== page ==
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For four years, we had our emergency fund sitting in an account we hadn’t touched in four years. But on December 25, 2015, an event happened to us required thousands of dollars.
I have a love/hate relationship with our emergency fund. When my husband and I started the baby steps to financial well being, the emergency fund seemed quite boring. Is it really necessary? Do we really need thousands of dollars sitting in an account for a “what if” scenario? Then there is always the temptation to use it. We could have made a nice dent in our mortgage if we allocated the e-fund to the principal on our mortgage. Or, can’t we just put it towards a new car? When you drive a soon to be ten-year-old car that has the beginnings of rust spots and that screeches so often when you drive it that you think something is wrong when the car is quiet, using the money for a new vehicle is VERY appealing. But no, we can’t. We have to complete baby step three.
And so we did. For four years, we had our emergency fund sitting in an account we hadn’t touched in four years. But on December 25, 2015, an event happened to us required thousands of dollars. Our son, Abraham, arrived six weeks early. He needed a feeding tube, oxygen, an incubator, and around the clock care. NICUs aren’t cheap, though they are well worth the money. After fifteen days, he came home and since has been a healthy, growing little boy. However, he was an expensive little guy.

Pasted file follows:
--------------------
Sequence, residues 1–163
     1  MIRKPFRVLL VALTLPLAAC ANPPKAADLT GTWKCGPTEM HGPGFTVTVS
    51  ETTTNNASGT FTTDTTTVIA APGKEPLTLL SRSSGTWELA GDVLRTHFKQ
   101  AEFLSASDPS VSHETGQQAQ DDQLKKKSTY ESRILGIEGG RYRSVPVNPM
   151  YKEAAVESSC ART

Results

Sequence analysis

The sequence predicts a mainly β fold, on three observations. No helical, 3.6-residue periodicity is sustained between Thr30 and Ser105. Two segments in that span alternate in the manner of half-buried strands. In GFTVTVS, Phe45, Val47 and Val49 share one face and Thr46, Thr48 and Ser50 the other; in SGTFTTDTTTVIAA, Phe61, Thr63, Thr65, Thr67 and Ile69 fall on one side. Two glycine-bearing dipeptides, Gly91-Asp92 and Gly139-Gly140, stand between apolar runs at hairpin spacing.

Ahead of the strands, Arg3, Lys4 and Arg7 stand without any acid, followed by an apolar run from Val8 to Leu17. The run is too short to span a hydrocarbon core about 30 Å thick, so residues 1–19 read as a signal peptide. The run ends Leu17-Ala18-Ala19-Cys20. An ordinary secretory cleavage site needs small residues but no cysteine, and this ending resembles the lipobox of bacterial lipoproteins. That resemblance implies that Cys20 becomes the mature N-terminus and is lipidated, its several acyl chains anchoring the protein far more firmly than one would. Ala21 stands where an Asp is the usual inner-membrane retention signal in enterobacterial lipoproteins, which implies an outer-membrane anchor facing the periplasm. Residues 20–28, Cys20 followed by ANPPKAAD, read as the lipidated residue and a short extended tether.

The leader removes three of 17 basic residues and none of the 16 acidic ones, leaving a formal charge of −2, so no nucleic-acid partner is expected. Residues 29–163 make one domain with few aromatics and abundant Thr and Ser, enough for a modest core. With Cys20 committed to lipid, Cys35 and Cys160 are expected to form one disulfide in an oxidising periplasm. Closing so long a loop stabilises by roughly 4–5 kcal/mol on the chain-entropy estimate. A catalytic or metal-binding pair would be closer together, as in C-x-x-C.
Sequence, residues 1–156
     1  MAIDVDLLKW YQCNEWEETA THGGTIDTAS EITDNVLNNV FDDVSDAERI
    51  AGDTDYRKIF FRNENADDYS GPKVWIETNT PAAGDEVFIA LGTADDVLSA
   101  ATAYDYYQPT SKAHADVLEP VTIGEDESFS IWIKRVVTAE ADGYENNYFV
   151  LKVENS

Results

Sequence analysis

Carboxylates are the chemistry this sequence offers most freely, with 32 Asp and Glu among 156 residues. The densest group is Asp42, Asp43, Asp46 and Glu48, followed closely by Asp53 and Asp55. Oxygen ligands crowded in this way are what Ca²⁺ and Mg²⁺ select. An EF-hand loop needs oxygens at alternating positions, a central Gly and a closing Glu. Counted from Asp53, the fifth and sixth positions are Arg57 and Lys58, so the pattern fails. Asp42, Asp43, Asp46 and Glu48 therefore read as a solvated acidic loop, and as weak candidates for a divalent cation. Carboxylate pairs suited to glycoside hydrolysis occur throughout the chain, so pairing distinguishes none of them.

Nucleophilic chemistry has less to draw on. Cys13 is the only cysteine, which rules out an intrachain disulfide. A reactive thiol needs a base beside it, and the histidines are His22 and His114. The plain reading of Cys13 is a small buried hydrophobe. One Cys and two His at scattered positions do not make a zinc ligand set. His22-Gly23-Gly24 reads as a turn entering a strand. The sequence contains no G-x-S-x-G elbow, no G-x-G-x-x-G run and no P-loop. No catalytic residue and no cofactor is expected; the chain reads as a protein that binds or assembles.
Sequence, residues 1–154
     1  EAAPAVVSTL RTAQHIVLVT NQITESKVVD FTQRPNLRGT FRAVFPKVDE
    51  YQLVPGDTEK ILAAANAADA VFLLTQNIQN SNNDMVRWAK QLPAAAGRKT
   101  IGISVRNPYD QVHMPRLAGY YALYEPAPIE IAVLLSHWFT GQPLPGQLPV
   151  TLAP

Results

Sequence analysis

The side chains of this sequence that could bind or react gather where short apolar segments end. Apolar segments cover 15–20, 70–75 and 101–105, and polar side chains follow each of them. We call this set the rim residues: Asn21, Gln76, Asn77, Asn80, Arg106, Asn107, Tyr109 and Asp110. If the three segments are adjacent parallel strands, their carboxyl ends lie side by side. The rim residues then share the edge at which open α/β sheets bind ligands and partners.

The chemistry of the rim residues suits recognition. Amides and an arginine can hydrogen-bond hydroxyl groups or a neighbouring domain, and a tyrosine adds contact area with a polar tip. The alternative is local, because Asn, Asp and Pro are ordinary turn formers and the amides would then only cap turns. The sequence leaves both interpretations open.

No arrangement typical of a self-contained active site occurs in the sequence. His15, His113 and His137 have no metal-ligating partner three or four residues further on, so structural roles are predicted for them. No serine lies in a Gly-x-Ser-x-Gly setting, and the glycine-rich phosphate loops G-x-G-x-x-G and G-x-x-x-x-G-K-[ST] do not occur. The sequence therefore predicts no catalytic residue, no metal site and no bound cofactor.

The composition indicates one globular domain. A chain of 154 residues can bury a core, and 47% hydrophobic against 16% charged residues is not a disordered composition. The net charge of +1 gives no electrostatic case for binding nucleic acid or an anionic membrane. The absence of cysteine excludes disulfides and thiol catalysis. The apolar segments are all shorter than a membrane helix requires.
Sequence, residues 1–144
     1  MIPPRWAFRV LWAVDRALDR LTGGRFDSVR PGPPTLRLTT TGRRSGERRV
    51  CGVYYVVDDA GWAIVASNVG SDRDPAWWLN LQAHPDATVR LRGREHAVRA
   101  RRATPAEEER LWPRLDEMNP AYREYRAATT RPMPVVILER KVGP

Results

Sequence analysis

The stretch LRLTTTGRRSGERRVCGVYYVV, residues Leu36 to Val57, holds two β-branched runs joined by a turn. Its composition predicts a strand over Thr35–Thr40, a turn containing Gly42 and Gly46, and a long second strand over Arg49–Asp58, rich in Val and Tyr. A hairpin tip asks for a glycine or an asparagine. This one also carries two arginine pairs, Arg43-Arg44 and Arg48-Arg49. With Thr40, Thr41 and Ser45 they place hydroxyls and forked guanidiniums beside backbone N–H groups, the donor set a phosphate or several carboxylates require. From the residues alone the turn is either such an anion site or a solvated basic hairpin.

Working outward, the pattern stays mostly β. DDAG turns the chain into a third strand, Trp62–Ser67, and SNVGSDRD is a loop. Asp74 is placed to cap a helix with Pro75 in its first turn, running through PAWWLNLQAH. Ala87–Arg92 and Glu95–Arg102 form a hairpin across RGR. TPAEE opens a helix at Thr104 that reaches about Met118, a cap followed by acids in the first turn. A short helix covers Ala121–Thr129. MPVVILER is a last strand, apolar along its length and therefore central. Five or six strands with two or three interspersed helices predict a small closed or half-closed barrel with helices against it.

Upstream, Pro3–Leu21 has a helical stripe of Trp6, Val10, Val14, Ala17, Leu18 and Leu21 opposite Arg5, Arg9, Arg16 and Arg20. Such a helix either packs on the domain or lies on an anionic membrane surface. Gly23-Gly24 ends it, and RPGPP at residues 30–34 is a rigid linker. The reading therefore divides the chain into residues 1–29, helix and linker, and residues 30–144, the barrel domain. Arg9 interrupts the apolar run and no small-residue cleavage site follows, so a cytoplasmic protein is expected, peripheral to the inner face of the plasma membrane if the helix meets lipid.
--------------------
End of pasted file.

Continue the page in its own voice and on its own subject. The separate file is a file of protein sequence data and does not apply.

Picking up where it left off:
In my soon to be five years of marriage, I have never once seen Kyle fret over money. He has a bit of control freak type tendencies (in a very endearing way!) that aid him in having power over financial matters. But the situation with our son’s birth, he couldn’t regulate. He had multiple conversations with the hospital business office and our insurance company trying to determine how we would be billed and if we had enough money to pay for the surmounting costs of our son’s care, especially because we always chose high deductibles.
And you know what? We did. With our emergency fund, we could pay in full every bill that arrived in our mail. And there were a ton! We depleted our emergency fund and then had to rebuild it. Financially speaking, the past six months have been the most discouraging time we’ve experienced since marrying and combining finances. We went from paying thousands of dollars on our mortgage in 2014 to thousands of dollars on medical bills and rebuilding our e fund in 2015. But I will never question the validity of the emergency fund. We never know when we will need it. Having that money set aside allowed me to focus on caring for our son instead of worrying about our son and our finances. I might not enjoy the discipline of saving for the emergency fund, but I certainly love the security of having one.
What about you? How do you motivate yourself to save for your emergency fund? Have you ever had to use funds from it? How have you benefited from your emergency fund?